Something I like to do from time to time is read a retro review from one blog or another, or even in Game Informer back when they used to do those. It’s fun to see if an old game you love holds up in the modern age. Whether they do or not varies from writer to writer, but most of the always say in way way or another is that they’re attempting to review the game while putting aside nostalgic feelings. I agree that a game should be weighed on it’s actual merits rather than our feelings about it, but recently that qualifier has gotten me wondering: what exactly does nostalgia do to our games?
The simple answer is that it makes overlooking flaws easier, but I believe that there’s more going on than memory’s influence easing our play experience. Nostalgia is the recollection of good times past, so while we’re playing we must also be remembering. If we are remembering while we’re playing then it isn’t really the game itself, no matter how good or bad it actually is, that is actually shaping our opinion of it. More than anything else, it’s the associations the game carries which we enjoy when we play. So again, what has happened to the game? Is it still just a game, or does the associations it carries make it something else, something more?
On UWG I’ve talked about The Legend of Zelda: Majora’s Mask on several occasions, and it’s because I’m a fan. I’ve been a fan of the game since I first played it. I know everything there is to know about it: How to get everything, where and when to get it, how to beat the bosses, secret ways to beat the bosses, all the glitches, all the character stories. Everything. I’ve logged at least 10 playthroughs since getting it 13 years ago. I should be tired of it. I should never want to look at it again, but that’s not the case. Instead, I enjoy it far more now than I ever did when I first got it, and I know it’s because of the memories it carries. For me it’s not Majora’s Mask anymore, it’s the latter half of my childhood. It’s middle-school, high-school, and my college career all wrapped up in one cartridge. The point here being that when I play it, it’s not really the game I’m looking at anymore but rather everything good that went on around it. It’s not a game it anymore, it’s something else, a symbol.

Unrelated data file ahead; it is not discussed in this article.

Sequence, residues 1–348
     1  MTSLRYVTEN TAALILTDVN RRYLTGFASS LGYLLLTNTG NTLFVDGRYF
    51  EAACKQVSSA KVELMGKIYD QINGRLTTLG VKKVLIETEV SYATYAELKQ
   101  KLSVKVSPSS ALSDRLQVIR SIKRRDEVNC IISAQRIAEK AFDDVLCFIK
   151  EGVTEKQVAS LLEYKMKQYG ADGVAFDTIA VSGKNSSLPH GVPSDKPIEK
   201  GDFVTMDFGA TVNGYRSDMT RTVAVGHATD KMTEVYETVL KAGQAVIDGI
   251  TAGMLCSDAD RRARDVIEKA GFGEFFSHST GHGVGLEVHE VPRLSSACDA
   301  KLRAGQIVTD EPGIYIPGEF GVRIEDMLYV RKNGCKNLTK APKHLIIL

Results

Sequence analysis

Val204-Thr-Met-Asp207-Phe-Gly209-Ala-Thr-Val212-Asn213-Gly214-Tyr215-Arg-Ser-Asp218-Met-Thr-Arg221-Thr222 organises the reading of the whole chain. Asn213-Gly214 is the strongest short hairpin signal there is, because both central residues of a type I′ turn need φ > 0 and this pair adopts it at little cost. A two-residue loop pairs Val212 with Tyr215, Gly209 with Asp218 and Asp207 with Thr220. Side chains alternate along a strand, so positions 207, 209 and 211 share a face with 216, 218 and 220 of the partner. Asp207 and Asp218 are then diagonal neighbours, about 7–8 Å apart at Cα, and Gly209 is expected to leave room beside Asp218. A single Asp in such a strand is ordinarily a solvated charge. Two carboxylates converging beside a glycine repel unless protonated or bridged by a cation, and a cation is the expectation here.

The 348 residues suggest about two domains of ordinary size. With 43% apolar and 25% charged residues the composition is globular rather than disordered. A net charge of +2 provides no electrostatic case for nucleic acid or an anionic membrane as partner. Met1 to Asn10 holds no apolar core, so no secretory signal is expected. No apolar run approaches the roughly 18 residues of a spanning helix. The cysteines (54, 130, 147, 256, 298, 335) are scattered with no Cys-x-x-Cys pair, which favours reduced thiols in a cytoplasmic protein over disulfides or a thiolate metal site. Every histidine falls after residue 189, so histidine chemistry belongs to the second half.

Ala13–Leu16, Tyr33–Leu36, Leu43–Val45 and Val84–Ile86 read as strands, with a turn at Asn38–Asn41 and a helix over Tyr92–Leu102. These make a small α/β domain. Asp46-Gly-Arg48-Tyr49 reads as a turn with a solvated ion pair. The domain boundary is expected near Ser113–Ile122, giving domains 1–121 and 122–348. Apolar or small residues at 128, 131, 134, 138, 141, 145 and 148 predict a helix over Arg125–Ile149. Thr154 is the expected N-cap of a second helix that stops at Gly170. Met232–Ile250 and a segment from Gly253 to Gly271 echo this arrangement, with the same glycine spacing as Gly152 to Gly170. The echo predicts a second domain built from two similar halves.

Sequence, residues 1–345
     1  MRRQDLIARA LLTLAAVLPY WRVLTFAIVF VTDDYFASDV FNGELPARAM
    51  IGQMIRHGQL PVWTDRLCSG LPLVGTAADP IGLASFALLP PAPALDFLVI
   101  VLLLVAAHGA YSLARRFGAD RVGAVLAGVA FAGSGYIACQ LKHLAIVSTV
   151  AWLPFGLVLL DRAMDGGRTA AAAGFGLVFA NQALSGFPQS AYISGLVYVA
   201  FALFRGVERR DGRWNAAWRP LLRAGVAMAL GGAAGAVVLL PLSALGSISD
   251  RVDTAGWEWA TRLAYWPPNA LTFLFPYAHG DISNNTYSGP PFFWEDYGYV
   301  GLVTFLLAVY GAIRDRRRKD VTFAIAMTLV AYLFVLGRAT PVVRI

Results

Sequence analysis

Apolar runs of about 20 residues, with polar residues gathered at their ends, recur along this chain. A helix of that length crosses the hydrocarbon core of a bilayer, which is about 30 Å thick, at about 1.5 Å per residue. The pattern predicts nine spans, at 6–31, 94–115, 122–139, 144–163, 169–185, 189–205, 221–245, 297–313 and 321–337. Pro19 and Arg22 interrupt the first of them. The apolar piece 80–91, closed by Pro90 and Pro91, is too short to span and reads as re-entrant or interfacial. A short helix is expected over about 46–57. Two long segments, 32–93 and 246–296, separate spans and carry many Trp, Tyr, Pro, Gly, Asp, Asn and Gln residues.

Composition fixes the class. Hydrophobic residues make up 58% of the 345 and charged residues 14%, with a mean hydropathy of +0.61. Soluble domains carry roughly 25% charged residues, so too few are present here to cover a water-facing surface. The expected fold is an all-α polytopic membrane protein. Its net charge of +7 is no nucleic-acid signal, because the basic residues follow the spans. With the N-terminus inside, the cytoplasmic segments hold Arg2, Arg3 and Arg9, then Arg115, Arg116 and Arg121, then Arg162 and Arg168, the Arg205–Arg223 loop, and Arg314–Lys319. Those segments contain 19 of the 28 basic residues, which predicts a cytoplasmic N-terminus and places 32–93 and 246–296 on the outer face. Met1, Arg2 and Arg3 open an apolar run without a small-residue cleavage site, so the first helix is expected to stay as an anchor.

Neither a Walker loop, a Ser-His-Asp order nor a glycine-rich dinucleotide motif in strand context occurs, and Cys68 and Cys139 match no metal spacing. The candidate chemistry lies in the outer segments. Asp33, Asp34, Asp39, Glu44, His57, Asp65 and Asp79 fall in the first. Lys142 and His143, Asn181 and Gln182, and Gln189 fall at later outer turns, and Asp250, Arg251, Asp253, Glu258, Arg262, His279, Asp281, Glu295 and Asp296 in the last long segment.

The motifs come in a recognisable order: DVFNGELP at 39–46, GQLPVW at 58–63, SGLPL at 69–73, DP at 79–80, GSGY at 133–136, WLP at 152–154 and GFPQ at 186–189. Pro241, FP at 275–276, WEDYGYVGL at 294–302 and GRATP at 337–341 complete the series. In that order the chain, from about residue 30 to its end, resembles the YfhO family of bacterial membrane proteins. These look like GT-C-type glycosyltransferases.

My answer to the original question is that nostalgia transforms our games into something more. That’s just me though, what does it do to your games? Has nostalgia had a similar effect? Something else entirely? Or nothing at all?